Conflict is an inevitable part of any professional life that involves interaction with other people. This is especially true for healthcare facilities. The hospital can be a very stressful environment for both the doctors and the patients. High levels of stress generate conflicts. Changes cause plenty of stress for all parties involved and are an inseparable part of the process. Transitions from the old ways and procedures towards new ones could be difficult since there are always plenty of details that need to be worked out. Any manager needs to be able to identify conflicts and know ways of predicting and solving them. This is especially true for managers that operate in a hospital setting.
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There are plenty of different reasons for conflict in healthcare. Some of the more common ones include:
- A limited amount of certain resources. Staff shortage could serve as an example. It leads to greater workloads and longer shifts, which builds up stress.
- Different approaches to work. People have different views on how things should be done. This usually leads to a conflict regarding standards and expectations.
- Cultural differences between the employees and the patients. These differences could lead to serious misunderstandings.
- Differences in knowledge and power. These are common due to the hierarchy within most hospitals (The Sources & Costs of Conflict in Nursing, 2011).
All four types of conflicts may arise during change processes conducted within a hospital. Conflicts are very detrimental to the collaborative healthcare efforts. They affect the quality of work by diverting time and attention that could have been spent doing something productive. Also, conflicts hurt the physical and emotional health of all parties involved. Unresolved conflicts could severely slow down the progress of implementing change (Managing Conflicts during Organizational Change, 2013).
The manager has the responsibility of preventing and solving conflicts between different parties, to facilitate cooperation. The recommended way of solving conflicts is through negotiation. Successful negotiation helps coming up to a compromise that is satisfactory to everyone involved. It is very important to make sure there are no hard feelings left. Otherwise, there is a risk of the conflict situation repeating itself (Importance of Conflict Management, 2016).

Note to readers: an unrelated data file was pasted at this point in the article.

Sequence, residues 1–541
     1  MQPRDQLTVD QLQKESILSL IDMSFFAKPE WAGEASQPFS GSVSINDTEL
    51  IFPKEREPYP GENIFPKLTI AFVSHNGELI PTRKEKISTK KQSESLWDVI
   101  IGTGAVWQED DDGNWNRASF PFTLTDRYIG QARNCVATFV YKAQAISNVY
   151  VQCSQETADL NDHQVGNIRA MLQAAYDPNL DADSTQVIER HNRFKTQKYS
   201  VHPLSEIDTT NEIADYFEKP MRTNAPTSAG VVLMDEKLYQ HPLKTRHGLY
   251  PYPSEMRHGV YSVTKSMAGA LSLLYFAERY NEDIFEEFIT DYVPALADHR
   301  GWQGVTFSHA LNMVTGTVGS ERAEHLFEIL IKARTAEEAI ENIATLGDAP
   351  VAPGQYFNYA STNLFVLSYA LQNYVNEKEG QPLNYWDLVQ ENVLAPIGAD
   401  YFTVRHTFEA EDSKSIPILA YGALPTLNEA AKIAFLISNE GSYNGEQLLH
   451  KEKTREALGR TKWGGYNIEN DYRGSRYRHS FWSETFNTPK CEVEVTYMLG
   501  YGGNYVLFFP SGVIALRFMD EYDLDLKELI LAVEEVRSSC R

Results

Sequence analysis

It is possible to solve conflicts from a position of power. As someone placed higher within the hospital hierarchy, the manager can order conflicting parties to get along. However, using power and hierarchy never really ends a conflict. Instead, it just postpones it. It could be effective as a short-term solution when there is little time to decide who is right and who is wrong. Still, the conflict is bound to rekindle later. Since change is a process that could take a long time, solving conflicts through power is counterproductive (Conflict Management Techniques from the PMBOK Guide, 2014).
I foresee certain conflict situations that might arise during my practicum. Conflicts might arise during the time I am learning and adapting to the standards and regulations of the Kendall Regional Medical Center. Conflict situations with the patients are also possible since my practicum involves the implementation of a Foley Catheter. Most patients find the procedure unpleasant, and certain complications might happen every time it is used. Lastly, I can upset some of the senior staff due to our differences in knowledge and experience.
There are no universal receipts for solving conflicts since every situation has its circumstances. However, I will make sure that whenever such a situation arises, I would attempt to negotiate first, get an understanding of the opposing view, and work towards a compromise. I would solve conflicts through power only when there is no other way, and I would make sure to readdress the conflict in a negotiation once the emergency has passed.
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Conflict Management Techniques from the PMBOK Guide. (2014). Web.
Importance of Conflict Management. (2016). Web.
Managing Conflicts during Organizational Change. (2013). Web.
The Sources & Costs of Conflict in Nursing. (2011). Web.